Wealthy avoiding stocks, buying art
Art often imitates stocks—at least when it comes to prices.
But so far this year, stock markets are down and art is up.
Consider this: The S&P 500 is down 3 percent or so in 2014. And this week it will be lucky to remain flat. Yet the markets for art and collectible cars are exploding.
(Read more: Luxury shoppers' influence on stocks)
At the London auctions this week, Sotheby's and Christie's reported record results for their sales.
Sotheby's two days of Impressionist, Modern and Surrealist sales racked up 215.8 million pounds (more than $345 million), the highest ever for a series in London. All its lots sold. The top was Camille Pissarro's 1897 painting "Boulevard Montmartre, Matinee de Printemps," which went for 19.7 million euros (about $32 million)—nearly double its top presale estimate.
Christie's had a good week, too, selling Juan Gris' 1915 still life "The Checked Tablecloth" for $56.7 million. The previous record for a Gris was $28 million. The Impressionist and Modern evening sale totaled $288 million.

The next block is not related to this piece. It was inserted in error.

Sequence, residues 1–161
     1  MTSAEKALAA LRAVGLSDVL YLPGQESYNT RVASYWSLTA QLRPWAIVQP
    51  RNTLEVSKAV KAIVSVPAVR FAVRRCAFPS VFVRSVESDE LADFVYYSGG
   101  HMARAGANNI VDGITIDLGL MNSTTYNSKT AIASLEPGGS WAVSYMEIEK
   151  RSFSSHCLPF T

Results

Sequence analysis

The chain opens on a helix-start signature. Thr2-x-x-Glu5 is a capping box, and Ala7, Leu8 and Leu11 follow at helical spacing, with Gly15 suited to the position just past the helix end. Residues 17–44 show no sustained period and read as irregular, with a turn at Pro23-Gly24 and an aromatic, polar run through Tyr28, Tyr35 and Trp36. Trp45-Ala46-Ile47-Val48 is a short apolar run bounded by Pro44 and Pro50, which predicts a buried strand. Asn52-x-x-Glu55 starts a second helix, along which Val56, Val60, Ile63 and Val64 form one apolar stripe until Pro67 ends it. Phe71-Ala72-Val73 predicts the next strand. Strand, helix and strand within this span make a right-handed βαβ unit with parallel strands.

Collectible cars are also on a tear. A 1957 Ferrari Testarossa sold in Britain this week for $40 million. And a series of auctions in Paris set a spate of new records for certain cars. RM Auctions gaveled down on a 1955 Jaguar D-Type for about $5 million.
(Read more: $40 million Ferrari sets record)
Bonham's sold a 1968 Ferrari 275 GTB/4 Berlinetta for $3 million to an Asian buyer.
There are two explanations for why stocks are sagging and collectibles are surging.
One is that, unaffected by market gyrations, the superwealthy would buy rare items no matter what the S&P is doing. The other is that stock market volatility is driving more money into the collectibles market. Next to stocks, Ferraris and Picassos look safe.
The wealthy were getting nervous about stock prices in the fall, and their skepticism would have only deepened with the swings since the beginning of the year.
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For now, they may want to buy assets they view as more secure—and certainly more fun and enjoyable to own.
If there's a bigger selloff, however, the notoriously illiquid collectibles market may not be quite so safe.
—By CNBC's Robert Frank. Follow him on Twitter @robtfrank.